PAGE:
The present invention provides methods and apparatus for input and output of data with non-standard I/O devices for web and other applications. The client's browser need not be modified in any way, allowing input from and output to non-standard devices to be easily and flexibly achieved. Furthermore, the present invention permits efficient communication between the client and server to allow the server to receive non-standard input and command non-standard output with little or no performance degradation.

BRIEF DESCRIPTION OF THE DRAWINGS

FIG. 1 is a block diagram of a system of the present invention for providing data from a non-standard input device to a standard browser;

FIG. 2 is a flow diagram illustrating a method of the present invention for inputting data from a non-standard input device into a form or other web page displayed by a standard browser;

FIG. 3 is a block diagram of a system of the present invention for providing data to a non-standard output device from a standard browser; and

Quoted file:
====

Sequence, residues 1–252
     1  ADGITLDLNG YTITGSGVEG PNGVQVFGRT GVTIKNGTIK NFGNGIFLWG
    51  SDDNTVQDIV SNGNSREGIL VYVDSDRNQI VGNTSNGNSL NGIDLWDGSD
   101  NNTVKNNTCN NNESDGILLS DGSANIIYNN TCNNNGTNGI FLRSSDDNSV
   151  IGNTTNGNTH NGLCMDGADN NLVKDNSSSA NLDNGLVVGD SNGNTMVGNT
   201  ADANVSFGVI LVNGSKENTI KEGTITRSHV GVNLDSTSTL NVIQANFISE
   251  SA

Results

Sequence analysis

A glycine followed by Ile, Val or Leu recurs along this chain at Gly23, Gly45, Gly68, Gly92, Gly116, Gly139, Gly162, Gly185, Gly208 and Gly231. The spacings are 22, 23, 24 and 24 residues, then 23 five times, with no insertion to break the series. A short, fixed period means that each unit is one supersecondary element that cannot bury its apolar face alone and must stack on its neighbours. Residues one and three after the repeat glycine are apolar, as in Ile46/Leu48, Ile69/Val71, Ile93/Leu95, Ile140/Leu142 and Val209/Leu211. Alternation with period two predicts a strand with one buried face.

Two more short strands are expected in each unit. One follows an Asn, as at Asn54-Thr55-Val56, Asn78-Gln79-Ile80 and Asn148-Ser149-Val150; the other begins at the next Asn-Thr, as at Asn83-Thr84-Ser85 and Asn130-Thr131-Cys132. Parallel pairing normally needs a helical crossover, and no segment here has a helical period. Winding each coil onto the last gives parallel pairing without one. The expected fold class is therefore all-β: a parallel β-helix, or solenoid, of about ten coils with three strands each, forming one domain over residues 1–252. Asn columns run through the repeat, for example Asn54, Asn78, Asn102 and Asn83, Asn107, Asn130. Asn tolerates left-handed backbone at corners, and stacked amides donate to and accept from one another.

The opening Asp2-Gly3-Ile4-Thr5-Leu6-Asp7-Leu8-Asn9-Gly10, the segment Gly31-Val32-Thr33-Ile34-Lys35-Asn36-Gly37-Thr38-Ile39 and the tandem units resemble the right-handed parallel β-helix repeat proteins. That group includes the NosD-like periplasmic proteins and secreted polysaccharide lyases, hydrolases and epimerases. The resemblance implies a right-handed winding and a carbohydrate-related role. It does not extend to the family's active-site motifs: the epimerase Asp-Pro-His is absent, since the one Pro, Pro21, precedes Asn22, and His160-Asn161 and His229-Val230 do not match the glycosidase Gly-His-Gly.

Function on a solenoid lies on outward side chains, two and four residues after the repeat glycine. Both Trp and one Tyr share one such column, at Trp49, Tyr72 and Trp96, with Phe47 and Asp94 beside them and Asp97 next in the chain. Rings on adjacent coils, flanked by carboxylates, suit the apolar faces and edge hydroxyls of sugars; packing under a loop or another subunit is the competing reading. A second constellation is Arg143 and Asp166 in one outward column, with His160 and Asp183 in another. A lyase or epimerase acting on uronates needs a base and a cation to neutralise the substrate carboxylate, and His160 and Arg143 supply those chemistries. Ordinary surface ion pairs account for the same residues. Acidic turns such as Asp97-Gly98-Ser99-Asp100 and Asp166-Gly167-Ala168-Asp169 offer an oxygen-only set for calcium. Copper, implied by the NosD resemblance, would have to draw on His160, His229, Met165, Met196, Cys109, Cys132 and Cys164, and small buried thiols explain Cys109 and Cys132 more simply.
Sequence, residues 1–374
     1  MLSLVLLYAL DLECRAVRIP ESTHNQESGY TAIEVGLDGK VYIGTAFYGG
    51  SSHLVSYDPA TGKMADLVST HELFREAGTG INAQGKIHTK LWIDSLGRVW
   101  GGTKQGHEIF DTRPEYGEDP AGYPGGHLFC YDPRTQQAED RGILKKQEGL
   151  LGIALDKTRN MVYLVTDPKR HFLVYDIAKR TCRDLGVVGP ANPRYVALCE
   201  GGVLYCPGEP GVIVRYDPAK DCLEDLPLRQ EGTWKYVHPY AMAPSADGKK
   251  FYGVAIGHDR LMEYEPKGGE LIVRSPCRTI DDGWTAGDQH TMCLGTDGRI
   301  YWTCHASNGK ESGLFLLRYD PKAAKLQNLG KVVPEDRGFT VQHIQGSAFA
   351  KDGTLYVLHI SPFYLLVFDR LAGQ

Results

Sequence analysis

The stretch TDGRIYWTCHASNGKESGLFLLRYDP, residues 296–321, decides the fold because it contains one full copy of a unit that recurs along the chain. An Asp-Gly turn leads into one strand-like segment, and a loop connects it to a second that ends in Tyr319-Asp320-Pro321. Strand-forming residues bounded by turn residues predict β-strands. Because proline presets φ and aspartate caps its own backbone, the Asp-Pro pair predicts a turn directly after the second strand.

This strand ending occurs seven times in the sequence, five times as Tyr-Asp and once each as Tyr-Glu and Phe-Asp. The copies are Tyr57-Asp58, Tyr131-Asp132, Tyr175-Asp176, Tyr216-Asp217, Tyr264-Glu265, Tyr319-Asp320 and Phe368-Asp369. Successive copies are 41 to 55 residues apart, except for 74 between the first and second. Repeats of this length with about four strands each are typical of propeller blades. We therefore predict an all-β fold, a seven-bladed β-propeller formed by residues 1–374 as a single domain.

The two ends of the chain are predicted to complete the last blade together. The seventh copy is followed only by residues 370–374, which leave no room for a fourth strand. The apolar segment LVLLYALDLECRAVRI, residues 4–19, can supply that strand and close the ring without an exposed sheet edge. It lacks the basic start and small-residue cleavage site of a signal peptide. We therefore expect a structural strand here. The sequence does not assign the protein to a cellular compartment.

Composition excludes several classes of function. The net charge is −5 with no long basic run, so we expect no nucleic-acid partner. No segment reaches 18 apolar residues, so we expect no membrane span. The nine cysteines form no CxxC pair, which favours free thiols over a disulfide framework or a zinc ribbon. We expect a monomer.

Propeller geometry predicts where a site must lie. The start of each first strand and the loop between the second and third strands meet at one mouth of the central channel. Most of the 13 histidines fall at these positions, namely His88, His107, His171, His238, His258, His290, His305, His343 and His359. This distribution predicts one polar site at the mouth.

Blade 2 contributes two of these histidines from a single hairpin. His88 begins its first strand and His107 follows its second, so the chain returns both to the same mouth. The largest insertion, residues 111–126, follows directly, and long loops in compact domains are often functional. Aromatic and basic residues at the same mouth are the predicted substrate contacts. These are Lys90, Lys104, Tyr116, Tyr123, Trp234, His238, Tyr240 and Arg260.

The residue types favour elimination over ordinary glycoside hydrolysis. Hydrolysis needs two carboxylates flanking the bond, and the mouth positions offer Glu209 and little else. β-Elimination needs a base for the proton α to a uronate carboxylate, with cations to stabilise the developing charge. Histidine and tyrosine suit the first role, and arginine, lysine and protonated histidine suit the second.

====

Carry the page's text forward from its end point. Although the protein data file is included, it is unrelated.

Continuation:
FIG. 4 is a flow diagram illustrating a method of the present invention for outputting data with a non-standard output device.

DETAILED DESCRIPTION

The present invention relates to the input and output of data to computer systems, and more particularly to the input and output of data with non-standard I/O devices for World Wide Web applications and pages. The following description is presented to enable one of ordinary skill in the art to make and use the invention and is provided in the context of a patent application and its requirements. Various modifications to the preferred embodiment and the generic principles and features described herein will be readily apparent to those skilled in the art. Thus, the present invention is not intended to be limited to the embodiment shown but is to be accorded the widest scope consistent with the principles and features described herein.